t.he tunnel advancing, in this exceptional case, toward the


. t-1.

. 0 .
• . '" .
• I z ..
• �
I / '

I >
p •

. . '

._;\····... -'-r


\ I

FIG.6. Plan view showing Lhe juxtaposition of Chabodey tunnel

m=1ar AosLa portal, surf,Jce cani11, and access adit
The adiL Lravcrses Lhro ugh an ,_old slide (prinr-_ipally consisting
of rock boulders), in the fir�t portion, and through jointed
rock, J.Il the second parL, inc t u ding the intersection wi Lh t.he
Chabodey tt1nnel {Fig.?). Tl1e rock mass is a closely jointed
se his L intc rc ala Pd with carborHCcous mat�er·i al.

'T'he umbrella-arch method wa.s us,,d for reinforcing the roof o[ the
adi t. as well as the headinq •Jl" the main tunnel. The curved
portion of the adiL (be tore j 1o1.ned the main tunn�l)
t presented
some ditticulty in Lhe construe:! ion ot the umbrellas. The use of
a smaller l
inst a l a tio n equip1:1Cnt and shorter umbn':!lla pi pe s
solved this prob1enl. An arlditi(Jnal p roblem was to const_ruct the
umbrella-arches under tl1e diff1cult geometric o i i
c nd t ons in the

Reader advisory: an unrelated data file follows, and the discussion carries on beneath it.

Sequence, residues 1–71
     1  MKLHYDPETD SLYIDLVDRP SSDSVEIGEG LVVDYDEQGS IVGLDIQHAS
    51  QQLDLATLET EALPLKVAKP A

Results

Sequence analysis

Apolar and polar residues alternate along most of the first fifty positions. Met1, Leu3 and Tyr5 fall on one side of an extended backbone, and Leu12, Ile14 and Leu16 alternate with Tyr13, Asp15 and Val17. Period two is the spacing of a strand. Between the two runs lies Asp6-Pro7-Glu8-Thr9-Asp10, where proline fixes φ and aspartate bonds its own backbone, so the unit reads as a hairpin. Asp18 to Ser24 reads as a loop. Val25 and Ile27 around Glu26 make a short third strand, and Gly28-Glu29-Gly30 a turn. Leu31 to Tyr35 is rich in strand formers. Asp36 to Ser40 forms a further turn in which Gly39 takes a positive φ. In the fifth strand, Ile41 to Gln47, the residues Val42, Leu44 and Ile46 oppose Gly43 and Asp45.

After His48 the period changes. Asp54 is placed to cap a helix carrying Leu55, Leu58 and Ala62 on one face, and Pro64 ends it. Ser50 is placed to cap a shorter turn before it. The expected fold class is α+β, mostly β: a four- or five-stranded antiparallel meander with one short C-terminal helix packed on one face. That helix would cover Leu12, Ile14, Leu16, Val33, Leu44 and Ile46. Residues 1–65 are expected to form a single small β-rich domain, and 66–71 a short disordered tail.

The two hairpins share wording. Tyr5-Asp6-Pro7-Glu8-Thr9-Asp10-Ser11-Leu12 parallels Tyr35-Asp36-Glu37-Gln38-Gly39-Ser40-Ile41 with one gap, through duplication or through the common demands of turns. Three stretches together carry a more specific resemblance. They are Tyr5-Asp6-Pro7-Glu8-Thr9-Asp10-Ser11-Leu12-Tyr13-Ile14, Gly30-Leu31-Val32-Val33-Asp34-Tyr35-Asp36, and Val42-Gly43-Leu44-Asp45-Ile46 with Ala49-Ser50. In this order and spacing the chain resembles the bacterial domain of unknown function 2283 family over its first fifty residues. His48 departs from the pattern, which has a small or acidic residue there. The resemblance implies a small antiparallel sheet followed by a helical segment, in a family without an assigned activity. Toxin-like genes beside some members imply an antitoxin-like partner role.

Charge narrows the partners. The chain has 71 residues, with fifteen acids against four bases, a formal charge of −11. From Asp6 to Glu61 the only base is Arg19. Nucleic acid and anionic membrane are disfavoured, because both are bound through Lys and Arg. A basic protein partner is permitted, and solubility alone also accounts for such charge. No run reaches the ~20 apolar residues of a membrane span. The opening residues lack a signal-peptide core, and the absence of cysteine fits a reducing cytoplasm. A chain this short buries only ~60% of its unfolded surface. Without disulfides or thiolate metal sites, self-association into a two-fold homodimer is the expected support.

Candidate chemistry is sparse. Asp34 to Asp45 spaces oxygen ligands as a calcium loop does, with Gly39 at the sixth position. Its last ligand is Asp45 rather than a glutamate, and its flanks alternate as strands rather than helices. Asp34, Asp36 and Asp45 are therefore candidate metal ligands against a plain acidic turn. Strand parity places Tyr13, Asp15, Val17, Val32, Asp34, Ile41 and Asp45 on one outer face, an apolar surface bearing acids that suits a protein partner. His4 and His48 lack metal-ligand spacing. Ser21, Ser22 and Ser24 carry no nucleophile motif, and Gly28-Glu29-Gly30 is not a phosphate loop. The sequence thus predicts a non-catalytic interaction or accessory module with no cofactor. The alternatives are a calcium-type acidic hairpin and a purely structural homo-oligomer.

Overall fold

int.erseclion region which 11eces�.itated overexcuvaliun and slower

FIG.?. Tunnel face in j ointed rock near intersection of o

Chab dey
tunnel and the access adit .

4.6 J inted Rock: RamaL Tunnel

The lOOOm long Ramat tunnel iro located a on g the new Turin­ l
Bardonecchia w y
high a . 'l'he 12m-wj_de and lOm-high tunnel sections
were to be driven for about SOOm into a water-bearing deposit of
glacial moraines composed of sand, gravel, and l a ge boulders of r
rock. The second part of tu
nnel is e c avated in a jojnted rock x
mass, with a thin lateral cover, passing t o det i s with large r tu
bou d er r. .
The �ulution of cxcavatior1 prclblemc in tl1e jclJntpc/ ruck involved
the c ons truct ion of a reintcn�ced and nun qrout0d umbrcJ lu-ar_ch.
The construction of the IImbr�llct-arch is done by installiny J2m­
long perforated r::o-ctxial sl.eel pipes around Lhe boundilry of
cxcavation.Ninc mRteLs of thf' tu nnel sect.1on is excavated b('fore
in::; talling the next timbre] I a-·arch. P.xcavat ion i !'i done by an
Rxr:avator and ct blg h,lmmer ( for cru�-;hi.nq the b ou l d e r :-; ) 'J'h(·
complete sect1on is lined ,�,it h wire mc�:;h, �-oilol_c n:.te, dnd ::-;t.r'ie>l
ribs spaced cJL O.J�m alo r1 g tt1•· tunnel ctXIS.
l\ rute of l d v ctnc e of
i 40m/m 1nth ha;:; been ach 1 Pvcrl u:c, 1 nq t ht--
umbrella-arch tP.chniquc.

5. Conclusion

From its ear ly d c ve l o pwen t _i_,, thR mid-s�ventif's, the urnfnella­

arch m eth od olo gy has been !Jscd with demonstrated succ e ss 1.n
s everal types of difficult g r 'J u nd both in Ttaly and abroad.
The success of this method dejJends from a seri_es cJf reasons: